It was eventually decided that my wife Audrey and the boys would close the house in Hale Barns and come to Ireland. I travelled to Galway on 27 December 1974, and Audrey and the boys came in her car by ferry a couple of days later. Audrey came in time for the Gaeltarra New Year’s Eve party. My work colleagues set me up to make a fool of myself with an Irish New Year’s salutation that was not what I thought it was, but no offence was taken. It was interesting to Audrey and I that the Gaeltarra management were most solicitous with Audrey and assured her: ‘Do not worry. No harm will come to Chris.’
When we questioned this, we were told that the Irish Republican Army, the IRA, had kidnapped a Ferenka factory manager, an expatriate who was doing, we supposed, a job in Ballyvarra that was similar to mine. The victim, a Mr Tiede Herrema, was car-jacked outside his home in Castletroy. The Garda Síochána searched for him for 18 days before information painfully extracted from two IRA men led them to a council house in Monasterevin, County Kildare. The ensuing siege lasted a further 17 days. Barricaded in an upstairs bedroom, Herrema was tied to a chair and wired to explosives. The kidnappers were demanding the release of three notorious IRA prisoners in exchange for Herrema. Eventually, the siege broke and Herrema walked away a free man. I had travelled through Monasterevin a few times on my way between Galway and Dublin and recognised, on the television, the terrace where Herrema had been held captive.
As all this was happening, I was stopped on the road a few times, during the countrywide search for Mr Herrema, close to Oughterard, the village where we now lived. On one occasion when I was flagged down, the policeman approached me.
‘Good morning, Mr Yardley. Would you be identifying yourself, please.’
‘But, Gard. You know who I am.’
‘Of course I do, but I still need to see some form of identity.’
I felt quite safe.
I feel obliged to make note of ‘The Troubles’ in Northern Ireland. We had got to the republic shortly after the time when political leaders from North and South had announced at Stormont in November 1973 that they would form a new government, with power to be shared, for the first time, with Catholics. The (Protestant) Loyalist paramilitaries immediately announced their opposition, and the IRA set off a series of explosions to show its disapproval. The government caved in after the Loyalist-dominated unions called a general strike, shutting down the province for more than two weeks, and scrapped the agreement. Galway did not appear to be overtly interested or involved. We were aware of rumours that Teach Furbo, the hotel opposite our office, was used as a rest and recreation centre for IRA soldiers. It was not a particularly good inn, and we seldom used it except for a quick lunch. IRA songs were a part of the spontaneous music-making that would ignite the pubs of Galway. I learned the words, but did not join in. My Riomhaire workmates were not in any way so constrained, and we enjoyed many a good craic. Once or twice, Ma Cullen, the proprietor of Cullen’s Bar in Station Road, would shake her head when Audrey and I went in. So we did not venture past the front door.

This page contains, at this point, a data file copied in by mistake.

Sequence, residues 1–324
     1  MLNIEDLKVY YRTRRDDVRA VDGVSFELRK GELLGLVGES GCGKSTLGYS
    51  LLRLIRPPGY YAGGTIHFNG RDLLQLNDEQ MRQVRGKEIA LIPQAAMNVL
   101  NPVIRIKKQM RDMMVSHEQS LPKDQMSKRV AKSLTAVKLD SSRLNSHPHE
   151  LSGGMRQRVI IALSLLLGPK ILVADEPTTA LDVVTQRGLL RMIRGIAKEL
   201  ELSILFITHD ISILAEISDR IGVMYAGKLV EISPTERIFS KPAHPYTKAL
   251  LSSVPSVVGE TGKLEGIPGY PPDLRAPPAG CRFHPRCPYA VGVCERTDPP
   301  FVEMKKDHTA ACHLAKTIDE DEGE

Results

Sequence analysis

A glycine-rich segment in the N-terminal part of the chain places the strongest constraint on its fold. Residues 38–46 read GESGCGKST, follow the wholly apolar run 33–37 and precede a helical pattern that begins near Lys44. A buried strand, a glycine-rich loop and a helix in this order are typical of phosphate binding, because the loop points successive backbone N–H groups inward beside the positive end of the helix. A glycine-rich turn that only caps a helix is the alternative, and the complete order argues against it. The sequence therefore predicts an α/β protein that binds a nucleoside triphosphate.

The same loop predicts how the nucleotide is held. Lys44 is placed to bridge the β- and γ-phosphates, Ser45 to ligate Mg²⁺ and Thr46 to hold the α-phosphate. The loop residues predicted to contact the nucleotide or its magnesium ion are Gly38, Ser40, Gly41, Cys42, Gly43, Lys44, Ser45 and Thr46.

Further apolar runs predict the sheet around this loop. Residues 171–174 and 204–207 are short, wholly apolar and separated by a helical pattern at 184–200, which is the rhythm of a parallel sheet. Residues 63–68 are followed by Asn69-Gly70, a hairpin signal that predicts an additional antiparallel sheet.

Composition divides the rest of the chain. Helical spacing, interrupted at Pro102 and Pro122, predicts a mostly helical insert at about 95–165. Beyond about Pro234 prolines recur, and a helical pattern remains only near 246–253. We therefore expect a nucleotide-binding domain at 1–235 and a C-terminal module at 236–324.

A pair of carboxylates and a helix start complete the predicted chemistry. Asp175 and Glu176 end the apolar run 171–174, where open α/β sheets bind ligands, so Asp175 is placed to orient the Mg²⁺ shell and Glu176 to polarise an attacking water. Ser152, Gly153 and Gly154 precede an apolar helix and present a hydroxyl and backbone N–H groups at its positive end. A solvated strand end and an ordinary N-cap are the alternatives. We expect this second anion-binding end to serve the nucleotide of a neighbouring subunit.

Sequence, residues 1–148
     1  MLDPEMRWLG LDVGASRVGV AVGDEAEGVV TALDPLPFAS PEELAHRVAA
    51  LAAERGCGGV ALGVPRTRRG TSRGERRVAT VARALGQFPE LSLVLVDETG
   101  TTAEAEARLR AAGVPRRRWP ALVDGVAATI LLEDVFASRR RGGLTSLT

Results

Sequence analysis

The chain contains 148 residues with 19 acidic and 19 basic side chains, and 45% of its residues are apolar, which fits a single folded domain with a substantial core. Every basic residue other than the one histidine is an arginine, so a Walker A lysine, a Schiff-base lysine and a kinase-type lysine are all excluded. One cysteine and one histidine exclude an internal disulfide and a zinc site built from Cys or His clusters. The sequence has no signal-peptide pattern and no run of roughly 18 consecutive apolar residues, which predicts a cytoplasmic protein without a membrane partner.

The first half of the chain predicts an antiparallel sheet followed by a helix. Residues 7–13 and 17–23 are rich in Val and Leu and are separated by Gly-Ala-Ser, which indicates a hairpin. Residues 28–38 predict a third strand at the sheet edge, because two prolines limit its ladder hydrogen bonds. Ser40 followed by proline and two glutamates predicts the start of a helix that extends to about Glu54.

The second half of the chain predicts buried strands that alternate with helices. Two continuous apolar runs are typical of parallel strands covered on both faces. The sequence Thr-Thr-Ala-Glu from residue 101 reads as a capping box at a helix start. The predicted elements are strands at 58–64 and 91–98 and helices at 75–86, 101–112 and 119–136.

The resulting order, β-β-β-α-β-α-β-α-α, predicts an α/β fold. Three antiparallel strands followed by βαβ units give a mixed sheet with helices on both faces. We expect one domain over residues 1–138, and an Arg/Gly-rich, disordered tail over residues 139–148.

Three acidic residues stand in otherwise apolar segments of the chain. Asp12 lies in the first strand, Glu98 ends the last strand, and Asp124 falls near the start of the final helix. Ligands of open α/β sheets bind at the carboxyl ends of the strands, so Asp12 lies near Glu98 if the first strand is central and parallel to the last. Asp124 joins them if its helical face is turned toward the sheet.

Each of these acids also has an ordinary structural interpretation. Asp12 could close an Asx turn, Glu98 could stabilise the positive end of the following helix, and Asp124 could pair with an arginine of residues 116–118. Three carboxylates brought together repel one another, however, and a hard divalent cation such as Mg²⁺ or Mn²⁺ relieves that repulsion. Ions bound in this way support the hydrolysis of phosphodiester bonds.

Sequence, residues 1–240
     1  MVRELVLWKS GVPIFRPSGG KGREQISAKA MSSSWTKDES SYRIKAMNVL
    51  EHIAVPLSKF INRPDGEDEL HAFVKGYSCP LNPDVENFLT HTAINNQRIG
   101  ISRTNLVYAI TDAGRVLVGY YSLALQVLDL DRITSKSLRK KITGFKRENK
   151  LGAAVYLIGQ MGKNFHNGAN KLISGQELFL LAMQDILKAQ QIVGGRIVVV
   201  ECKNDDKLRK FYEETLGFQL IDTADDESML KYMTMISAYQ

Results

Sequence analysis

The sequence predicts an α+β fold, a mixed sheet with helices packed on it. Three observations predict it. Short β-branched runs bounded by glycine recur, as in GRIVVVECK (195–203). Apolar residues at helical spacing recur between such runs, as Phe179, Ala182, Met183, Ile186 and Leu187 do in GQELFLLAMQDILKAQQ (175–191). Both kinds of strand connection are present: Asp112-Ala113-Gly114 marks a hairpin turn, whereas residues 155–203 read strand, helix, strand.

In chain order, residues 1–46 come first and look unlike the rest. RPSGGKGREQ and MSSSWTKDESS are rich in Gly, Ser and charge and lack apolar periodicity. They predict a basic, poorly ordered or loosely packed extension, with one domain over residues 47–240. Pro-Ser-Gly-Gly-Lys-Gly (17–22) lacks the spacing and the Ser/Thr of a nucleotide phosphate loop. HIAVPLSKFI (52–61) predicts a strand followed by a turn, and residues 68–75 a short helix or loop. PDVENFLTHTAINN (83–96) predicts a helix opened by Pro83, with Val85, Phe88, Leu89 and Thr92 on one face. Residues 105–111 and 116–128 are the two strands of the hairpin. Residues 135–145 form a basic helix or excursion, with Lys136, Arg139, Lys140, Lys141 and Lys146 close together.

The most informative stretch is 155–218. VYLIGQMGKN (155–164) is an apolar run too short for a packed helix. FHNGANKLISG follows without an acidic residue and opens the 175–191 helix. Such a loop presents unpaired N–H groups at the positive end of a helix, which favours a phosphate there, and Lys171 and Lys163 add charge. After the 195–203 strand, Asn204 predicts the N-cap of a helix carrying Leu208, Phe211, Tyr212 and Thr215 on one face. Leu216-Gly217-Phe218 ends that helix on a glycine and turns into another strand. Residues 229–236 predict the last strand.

Tony Johnstone’s father died while we were there. Audrey and I were invited to the funeral to be held in Limerick. We met up with Tony at the Durty Nelly’s hostelry on the outskirts of the city for lunch and several pints of Guinness before going to the cathedral. The celebration of Tony’s father’s life included a full funeral mass, and there were many anxious glances when, after the two-hour ceremony, we lined up to follow the hearse to the cemetery — the boys lined up, the ladies followed in cars. Good as gold, the cortège stopped outside the first bar on our route and half of the male mourners rushed in to relieve their bladders. The other half left when we stopped again outside the second bar. The mood of the event was a true celebration, until unexpectedly a darkly dressed, bereted man in dark glasses came to the front of the crowd and fired a revolver over the open grave. He dissolved into the crowd just as quickly, but Audrey and I sensed an immediate change in mood and removed ourselves to the back. As family guests, we had been invited back to Tony’s home and we went there, but were left alone in the front room. Tony was most concerned, but we decided discretion was the best course, and I took off for Dublin by train as planned. I was so pleased that Joe and Florence were there to take Audrey back to Galway. The only explanation we received was that Tony’s father had been a member of the Irish Republican Brotherhood, an organisation that evolved into the IRA, and that permission had been obtained for the soldier’s farewell. In retrospect, that was the only time we felt uncomfortable. I have subsequently had a great interest in the history of Ireland in the twentieth century. Understanding has to be key.
Audrey and I were stopped when the Garda Síochána had their regular purges against the manufacture and distribution of poteen, the illegally home-brewed whiskey. If only they had known: I was stopped possibly half a dozen times with a couple of crates of poteen in the boot of the car. I had guessed it was an initiation test. When Paddy Clancy, my farmer neighbour in Rinnerroon, Glann, discovered I was working with Gaelgories (a slang term for Irish speakers) from the Gaeltacht, he suggested: ‘You should be able to get some of the good stuff from them.’ I asked Joe and Tony at work and, of course, the younger lads were able to provide it for a few shillings per bottle. Paddy seemed to have his own sources as well, and we soon recognised poteen as a cure-all for any problem. Paddy would even give it to sick animals. We also saw the Gardaí motor boats patrolling Lough Corrib, which we overlooked from our lounge. We never gauged the seriousness of these purges, and the smell of the illicit brew was one we learned to recognise and accept in the countryside.